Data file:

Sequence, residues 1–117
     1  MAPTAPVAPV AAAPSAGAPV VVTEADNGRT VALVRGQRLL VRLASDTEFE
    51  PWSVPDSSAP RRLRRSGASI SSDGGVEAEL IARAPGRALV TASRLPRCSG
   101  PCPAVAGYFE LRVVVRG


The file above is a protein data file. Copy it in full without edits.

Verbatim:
Sequence, residues 1–117
     1  MAPTAPVAPV AAAPSAGAPV VVTEADNGRT VALVRGQRLL VRLASDTEFE
    51  PWSVPDSSAP RRLRRSGASI SSDGGVEAEL IARAPGRALV TASRLPRCSG
   101  PCPAVAGYFE LRVVVRG